Piper distributor Columbia Air Service, at Connecticut’s Groton-New London Airport invited AIN to fly the M500 (and the M350) and see the results of the upgrade. Columbia’s experience with Piper turboprops predates the PA-46 era; it was heavily involved in the Piper Cheyenne aftermarket before becoming a Piper dealer in the mid-1990s. Soon after, Columbia recruited Gordon Ramsay, a Hartford native who’s been buying, rebuilding and selling airplanes since he was a teen, to serve as Piper program manager.

 The M500 Outside and In

Sitting relatively high off the ground, its long wings uncluttered by engine cowls, the PA-46 has always had a sleek, eye-grabbing ramp presence, and the small, horn-like exhaust stacks poking from the cowl of turbine-powered PA-46s add a brawny swagger to its visual appeal. Externally, the M500 and the Meridian are identical, distinguishable from piston-powered PA-46s by the extensions at the leading edge of the wing roots (for more fuel capacity); the 37-percent larger empennage; and vortex generators on the wings. There’s no nose baggage compartment, either, as the cowl is occupied by the M500’s Pratt & Whitney Canada PT6A-42A, flat rated to 500 shp.

Piper has been refreshing the interiors of the M-Class in recent years while also striving to differentiate them. All PA-46 models formerly shared the same basic interiors. Now Piper’s cabin appointments reflect the model’s position in the fleet, putting the M500 at the apex of its interior styling efforts. Its standard Premier Elegance color-coordinated leather seats, carpet and headliner are offered in two neutral-tone color schemes: Dune or Glacier. Meanwhile, new PA-46 cabins all benefit from work done by Boston’s Blokx Design, which Piper engaged to rethink and redesign cabin elements such as armrests, cup holders and stowable table, without changing production tooling. USB charging ports in the cabin and cockpit have been added to the M500.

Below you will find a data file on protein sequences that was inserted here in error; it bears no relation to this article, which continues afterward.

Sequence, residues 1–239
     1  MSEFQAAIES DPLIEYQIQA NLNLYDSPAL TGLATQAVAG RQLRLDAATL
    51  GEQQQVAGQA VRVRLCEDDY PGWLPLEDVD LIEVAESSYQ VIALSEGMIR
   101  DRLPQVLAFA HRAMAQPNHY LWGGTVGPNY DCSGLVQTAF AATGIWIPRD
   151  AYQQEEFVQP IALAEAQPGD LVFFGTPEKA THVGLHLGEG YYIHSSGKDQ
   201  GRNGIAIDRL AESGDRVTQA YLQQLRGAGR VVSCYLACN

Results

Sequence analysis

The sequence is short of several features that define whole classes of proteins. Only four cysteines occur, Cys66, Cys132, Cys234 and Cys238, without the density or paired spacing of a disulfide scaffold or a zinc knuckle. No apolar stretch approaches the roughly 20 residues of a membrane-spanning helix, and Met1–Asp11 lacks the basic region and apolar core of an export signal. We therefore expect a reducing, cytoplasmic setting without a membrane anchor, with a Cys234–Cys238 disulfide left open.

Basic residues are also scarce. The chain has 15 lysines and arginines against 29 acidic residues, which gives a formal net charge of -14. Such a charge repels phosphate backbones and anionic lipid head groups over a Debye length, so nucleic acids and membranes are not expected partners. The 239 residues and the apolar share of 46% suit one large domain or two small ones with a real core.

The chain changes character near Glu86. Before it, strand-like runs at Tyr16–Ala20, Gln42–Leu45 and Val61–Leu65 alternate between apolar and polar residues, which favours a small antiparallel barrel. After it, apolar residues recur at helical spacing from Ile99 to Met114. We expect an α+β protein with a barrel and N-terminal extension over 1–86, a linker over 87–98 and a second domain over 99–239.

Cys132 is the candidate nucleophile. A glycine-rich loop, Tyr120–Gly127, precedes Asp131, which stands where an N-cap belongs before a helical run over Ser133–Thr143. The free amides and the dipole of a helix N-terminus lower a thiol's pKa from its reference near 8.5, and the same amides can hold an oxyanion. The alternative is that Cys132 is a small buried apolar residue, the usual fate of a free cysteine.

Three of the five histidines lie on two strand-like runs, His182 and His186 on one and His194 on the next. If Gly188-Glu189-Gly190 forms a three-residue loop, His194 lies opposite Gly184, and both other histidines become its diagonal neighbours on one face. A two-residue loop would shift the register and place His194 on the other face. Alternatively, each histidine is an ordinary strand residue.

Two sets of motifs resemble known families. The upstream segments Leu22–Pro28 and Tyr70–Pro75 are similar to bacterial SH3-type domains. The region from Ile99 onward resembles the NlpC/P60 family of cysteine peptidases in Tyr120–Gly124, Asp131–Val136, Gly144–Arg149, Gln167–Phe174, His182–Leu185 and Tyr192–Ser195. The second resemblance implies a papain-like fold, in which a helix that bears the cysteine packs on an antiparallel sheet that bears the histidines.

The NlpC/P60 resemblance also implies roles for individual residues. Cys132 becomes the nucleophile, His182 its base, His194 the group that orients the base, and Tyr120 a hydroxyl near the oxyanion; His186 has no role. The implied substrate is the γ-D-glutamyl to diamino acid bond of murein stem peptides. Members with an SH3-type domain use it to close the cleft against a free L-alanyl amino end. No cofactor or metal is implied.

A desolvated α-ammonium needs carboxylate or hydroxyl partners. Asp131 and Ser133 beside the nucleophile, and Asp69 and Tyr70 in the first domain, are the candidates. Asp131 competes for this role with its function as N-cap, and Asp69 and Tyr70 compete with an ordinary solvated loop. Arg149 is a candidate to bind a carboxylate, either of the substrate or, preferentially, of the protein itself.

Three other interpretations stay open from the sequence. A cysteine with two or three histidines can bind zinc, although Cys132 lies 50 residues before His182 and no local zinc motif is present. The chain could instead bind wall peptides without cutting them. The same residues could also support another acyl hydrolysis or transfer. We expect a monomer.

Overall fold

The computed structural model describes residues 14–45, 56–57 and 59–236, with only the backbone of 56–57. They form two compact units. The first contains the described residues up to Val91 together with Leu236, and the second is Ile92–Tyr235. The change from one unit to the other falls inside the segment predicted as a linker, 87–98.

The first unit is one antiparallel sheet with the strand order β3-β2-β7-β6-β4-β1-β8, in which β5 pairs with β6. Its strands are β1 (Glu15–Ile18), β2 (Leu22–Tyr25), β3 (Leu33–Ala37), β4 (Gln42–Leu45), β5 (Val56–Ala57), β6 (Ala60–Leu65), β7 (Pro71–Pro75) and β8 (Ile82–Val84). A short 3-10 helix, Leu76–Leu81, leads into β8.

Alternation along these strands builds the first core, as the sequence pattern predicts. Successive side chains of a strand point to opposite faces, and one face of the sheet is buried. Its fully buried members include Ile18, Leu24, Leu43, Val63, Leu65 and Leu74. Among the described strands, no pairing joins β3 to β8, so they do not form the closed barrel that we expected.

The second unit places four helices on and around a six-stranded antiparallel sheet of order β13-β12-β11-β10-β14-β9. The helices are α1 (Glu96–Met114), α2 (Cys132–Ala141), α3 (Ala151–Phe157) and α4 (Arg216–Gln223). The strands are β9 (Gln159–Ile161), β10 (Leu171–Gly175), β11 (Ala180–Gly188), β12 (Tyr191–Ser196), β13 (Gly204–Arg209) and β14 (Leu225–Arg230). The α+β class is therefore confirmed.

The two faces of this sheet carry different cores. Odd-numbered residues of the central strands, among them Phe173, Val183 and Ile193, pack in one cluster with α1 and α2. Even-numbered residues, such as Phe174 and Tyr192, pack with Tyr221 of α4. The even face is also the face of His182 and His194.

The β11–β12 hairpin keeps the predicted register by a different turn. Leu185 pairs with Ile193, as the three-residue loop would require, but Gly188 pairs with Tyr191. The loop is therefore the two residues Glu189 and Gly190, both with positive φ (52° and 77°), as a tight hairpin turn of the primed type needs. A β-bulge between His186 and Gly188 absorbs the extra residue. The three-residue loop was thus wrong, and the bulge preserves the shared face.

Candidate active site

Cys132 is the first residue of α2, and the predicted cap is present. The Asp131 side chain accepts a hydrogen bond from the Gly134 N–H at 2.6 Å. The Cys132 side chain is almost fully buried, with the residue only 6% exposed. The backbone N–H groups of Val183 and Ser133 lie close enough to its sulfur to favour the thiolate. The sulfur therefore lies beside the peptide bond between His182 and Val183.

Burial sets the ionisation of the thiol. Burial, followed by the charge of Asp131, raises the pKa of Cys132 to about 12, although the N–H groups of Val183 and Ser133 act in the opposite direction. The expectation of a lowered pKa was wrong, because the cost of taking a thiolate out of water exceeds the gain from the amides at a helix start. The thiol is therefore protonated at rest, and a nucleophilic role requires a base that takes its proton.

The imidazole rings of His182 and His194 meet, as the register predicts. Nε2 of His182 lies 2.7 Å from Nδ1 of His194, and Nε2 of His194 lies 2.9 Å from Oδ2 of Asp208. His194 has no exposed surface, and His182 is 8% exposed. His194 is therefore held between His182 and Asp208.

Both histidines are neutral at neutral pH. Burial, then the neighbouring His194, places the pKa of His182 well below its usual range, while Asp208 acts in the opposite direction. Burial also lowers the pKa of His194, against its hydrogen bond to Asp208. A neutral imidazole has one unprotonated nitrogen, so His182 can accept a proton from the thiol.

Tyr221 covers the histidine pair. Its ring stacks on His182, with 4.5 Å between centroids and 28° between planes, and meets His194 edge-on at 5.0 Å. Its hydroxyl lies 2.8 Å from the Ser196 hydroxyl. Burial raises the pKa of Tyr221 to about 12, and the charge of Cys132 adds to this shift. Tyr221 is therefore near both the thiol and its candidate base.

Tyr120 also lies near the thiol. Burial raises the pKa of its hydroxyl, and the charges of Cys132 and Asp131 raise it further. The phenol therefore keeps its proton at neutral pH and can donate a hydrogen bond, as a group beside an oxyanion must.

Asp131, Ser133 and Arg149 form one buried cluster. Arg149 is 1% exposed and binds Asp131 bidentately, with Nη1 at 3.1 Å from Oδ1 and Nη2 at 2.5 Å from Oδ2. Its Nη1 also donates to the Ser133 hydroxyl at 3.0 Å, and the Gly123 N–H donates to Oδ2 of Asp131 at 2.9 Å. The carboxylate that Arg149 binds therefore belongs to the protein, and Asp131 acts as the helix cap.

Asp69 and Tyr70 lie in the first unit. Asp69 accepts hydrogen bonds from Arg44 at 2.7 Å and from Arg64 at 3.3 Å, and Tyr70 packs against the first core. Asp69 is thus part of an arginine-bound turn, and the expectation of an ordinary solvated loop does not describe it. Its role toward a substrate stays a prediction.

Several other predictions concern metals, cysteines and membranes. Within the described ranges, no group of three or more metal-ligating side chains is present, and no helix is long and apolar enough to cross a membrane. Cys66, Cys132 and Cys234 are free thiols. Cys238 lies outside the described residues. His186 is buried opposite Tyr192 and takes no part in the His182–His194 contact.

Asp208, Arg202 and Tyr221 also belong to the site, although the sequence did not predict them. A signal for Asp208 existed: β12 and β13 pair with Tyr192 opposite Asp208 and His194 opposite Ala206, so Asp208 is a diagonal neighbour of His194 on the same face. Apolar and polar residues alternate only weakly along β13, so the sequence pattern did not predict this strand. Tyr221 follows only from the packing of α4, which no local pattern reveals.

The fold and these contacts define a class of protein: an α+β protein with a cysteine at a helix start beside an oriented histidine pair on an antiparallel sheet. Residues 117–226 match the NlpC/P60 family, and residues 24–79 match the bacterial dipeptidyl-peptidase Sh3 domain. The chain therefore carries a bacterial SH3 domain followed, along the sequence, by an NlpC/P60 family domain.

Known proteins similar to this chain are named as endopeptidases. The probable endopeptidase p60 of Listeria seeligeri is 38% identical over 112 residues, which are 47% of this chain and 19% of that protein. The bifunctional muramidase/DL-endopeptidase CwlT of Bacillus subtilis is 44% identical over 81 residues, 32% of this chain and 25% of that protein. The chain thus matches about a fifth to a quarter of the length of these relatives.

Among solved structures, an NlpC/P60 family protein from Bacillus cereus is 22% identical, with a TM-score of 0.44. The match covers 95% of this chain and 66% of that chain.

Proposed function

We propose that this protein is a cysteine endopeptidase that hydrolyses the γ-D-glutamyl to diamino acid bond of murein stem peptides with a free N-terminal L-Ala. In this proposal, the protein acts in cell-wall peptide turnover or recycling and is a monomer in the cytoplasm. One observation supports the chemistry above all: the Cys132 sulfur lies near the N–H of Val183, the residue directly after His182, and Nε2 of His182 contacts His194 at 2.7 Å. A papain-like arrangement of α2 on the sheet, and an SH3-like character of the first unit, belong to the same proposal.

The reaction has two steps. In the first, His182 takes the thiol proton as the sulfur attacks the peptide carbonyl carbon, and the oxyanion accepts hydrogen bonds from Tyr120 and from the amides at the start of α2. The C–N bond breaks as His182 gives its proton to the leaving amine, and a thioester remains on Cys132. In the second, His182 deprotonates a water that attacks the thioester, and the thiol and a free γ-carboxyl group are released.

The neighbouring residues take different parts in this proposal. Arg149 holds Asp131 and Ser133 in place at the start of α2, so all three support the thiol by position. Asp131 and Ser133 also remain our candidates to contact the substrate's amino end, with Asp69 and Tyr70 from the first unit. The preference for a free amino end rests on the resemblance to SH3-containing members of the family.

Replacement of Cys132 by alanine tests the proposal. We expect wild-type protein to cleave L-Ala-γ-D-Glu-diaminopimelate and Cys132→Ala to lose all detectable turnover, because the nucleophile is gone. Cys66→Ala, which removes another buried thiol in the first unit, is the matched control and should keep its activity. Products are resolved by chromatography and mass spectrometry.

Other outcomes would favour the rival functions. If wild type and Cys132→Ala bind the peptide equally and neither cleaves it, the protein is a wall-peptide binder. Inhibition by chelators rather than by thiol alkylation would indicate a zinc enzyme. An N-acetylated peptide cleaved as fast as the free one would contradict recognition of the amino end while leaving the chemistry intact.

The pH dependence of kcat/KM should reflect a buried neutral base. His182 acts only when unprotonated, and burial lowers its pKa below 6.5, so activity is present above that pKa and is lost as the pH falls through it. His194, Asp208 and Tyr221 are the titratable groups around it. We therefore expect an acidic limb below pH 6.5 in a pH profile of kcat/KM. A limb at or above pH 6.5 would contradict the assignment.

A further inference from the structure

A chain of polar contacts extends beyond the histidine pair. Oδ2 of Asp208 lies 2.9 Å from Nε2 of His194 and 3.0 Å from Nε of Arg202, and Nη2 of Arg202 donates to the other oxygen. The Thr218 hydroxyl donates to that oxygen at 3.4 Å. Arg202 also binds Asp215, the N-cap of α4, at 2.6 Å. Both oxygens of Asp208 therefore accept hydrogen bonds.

The M500 offers a GSR-56 global satellite datalink Iridium satellite transceiver. Piper added the option with an eye on the international market, as a conduit for getting in-flight weather in areas without access to XM weather or similar services. It has found 90 percent of all buyers want the system, primarily for telephone and text communication.

The enhanced cabins dovetail with changing ownership demographics. Whereas previously about 90 percent of PA-46s were owner flown, today the figure is about 80 percent, the remainder flown by professional pilots with the owner riding in the back.